"Alzheimer's Disease is one of the greatest disasters of our time. In this lucid and important book, Jason Karlawish gives us a handle on this slippery disease, mapping out what's possible to know about it, and what mysteries remain. Dr. Karlawish is a magnificent guide through the tangles of dementia, as well as the heartache and the hope of treatment. This book might be considered a companion to Siddhartha Mukherjee's The Emperor of All Maladies—a doctor's meditation on his nemesis. In this page-turning account, Dr. Karlawish stokes our curiosity about one of humanity's greatest foes, asking us to put aside our fear in order to find out what this disease can tell us about ourselves."—Pagan Kennedy, author of Inventology
"Jason Karlawish is a compassionate guide through this compelling and comprehensive tale of political intrigue and scientific discovery, of human suffering and medical conundrums. He deftly weaves stories of passionate scientists, political tacticians, determined families, and visionaries in care to guide us toward our communal dream—ending the pain of dementia and Alzheimer’s."—Anne Basting, PhD, author of Creative Care
“Alzheimer’s is as much a problem for scientists, policy experts, doctors and nursing assistants as it is for patients and families. Jason Karlawish’s new book makes its history clearer, its status in medicine more understandable and its humanistic and caregiving sides better appreciated. It should be read by families and practitioners who want to understand where the subject has come from and where it is headed.”—Arthur Kleinman author of The Soul of Care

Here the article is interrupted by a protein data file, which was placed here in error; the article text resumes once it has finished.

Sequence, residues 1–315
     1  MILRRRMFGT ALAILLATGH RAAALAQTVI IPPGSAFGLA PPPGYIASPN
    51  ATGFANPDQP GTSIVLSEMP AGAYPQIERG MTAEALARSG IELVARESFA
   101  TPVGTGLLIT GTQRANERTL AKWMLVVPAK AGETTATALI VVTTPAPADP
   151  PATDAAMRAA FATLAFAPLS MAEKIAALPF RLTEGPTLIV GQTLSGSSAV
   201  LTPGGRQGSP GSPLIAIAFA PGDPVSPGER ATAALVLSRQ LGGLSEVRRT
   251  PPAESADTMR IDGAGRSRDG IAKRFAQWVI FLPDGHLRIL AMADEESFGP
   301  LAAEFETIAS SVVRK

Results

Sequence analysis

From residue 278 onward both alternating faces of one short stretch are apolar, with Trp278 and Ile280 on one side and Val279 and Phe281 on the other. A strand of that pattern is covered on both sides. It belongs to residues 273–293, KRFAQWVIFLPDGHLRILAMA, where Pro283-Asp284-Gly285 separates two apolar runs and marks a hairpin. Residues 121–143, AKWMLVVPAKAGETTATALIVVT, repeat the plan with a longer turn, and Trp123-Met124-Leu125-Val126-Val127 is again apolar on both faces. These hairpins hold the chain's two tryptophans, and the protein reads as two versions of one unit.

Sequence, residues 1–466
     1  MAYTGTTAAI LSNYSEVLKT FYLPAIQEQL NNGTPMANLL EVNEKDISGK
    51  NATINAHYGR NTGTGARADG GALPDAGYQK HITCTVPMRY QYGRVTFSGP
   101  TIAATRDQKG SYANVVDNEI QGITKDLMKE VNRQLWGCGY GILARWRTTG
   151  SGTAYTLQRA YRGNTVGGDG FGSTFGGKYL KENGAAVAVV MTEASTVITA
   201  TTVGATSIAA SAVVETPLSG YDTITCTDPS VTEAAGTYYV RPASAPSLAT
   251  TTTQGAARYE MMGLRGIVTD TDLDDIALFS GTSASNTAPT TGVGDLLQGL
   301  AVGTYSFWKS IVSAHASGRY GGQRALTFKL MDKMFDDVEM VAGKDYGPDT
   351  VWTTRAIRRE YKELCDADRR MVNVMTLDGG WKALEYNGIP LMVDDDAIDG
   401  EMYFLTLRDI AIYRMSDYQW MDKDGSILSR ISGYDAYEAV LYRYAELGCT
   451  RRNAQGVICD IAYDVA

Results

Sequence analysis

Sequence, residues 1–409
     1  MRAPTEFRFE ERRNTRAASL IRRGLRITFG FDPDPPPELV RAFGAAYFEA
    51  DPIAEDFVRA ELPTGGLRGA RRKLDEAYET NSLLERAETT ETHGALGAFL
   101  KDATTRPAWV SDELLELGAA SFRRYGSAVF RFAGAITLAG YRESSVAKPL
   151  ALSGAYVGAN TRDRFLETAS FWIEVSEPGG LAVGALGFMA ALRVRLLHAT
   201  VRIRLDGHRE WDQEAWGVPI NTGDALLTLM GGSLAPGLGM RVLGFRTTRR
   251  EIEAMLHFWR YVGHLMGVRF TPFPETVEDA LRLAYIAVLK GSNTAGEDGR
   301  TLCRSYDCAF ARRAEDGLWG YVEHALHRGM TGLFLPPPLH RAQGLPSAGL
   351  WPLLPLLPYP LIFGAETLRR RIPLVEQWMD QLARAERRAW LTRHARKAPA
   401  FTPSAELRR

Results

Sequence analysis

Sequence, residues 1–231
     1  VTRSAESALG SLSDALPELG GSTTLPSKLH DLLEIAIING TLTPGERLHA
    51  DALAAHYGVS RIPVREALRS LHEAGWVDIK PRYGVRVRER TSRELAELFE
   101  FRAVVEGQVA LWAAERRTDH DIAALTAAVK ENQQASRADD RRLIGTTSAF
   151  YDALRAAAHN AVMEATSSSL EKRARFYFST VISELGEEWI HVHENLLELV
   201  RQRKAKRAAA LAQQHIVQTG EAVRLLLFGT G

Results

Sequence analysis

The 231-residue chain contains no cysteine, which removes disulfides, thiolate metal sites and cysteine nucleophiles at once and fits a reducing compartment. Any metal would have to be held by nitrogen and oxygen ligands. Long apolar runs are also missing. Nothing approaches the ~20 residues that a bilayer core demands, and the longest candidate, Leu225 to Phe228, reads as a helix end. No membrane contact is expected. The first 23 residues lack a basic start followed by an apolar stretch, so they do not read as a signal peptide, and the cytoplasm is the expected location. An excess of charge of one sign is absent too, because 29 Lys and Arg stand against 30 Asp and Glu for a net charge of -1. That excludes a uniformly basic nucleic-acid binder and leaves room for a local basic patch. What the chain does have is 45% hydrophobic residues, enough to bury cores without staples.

"Jason Karlawish has written a remarkable book that weaves together insightful reflections on his decades of experience as a clinician and ethicist specializing in dementia care with a broad reading of history, politics, and culture. It provides a compelling explanation of the kind of problem we face in Alzheimer’s, a cogent critique of the ways in which the health care system fails people with dementia and their families, and a vision for how we can do better. Essential reading for anyone concerned with Alzheimer’s disease.”—Jesse F. Ballenger, author of Self, Senility, and Alzheimer's Disease in Modern America
"A lucid, opinionated history of the science, politics, and care involved in the fight against this century’s most problematic disease. An outstanding primer that readers should put into the hands of their doctors."—Kirkus Reviews (starred review)
“There’s no cure for Alzheimer’s, but Karlawish reassures readers that it’s possible to help patients preserve their comfort and dignity.”—Booklist
“In this careful and caring new look at the issue, physician Karlawish explores the history of the disease and its treatments; contemporary efforts to determine its multitudinous causes and manifestations and how to treat them, either pharmaceutically or therapeutically; and how governmental and other health programs can better respond. A must-read on an important subject.”—Library Journal (starred review)
Reviews from Goodreads
INTRODUCTION: THE DISEASE OF THE CENTURY
It is the worst of all diseases, not just for what it does to the patient, but for its devastating effects on families and friends.
—Lewis Thomas, “The Problem of Dementia,” 1981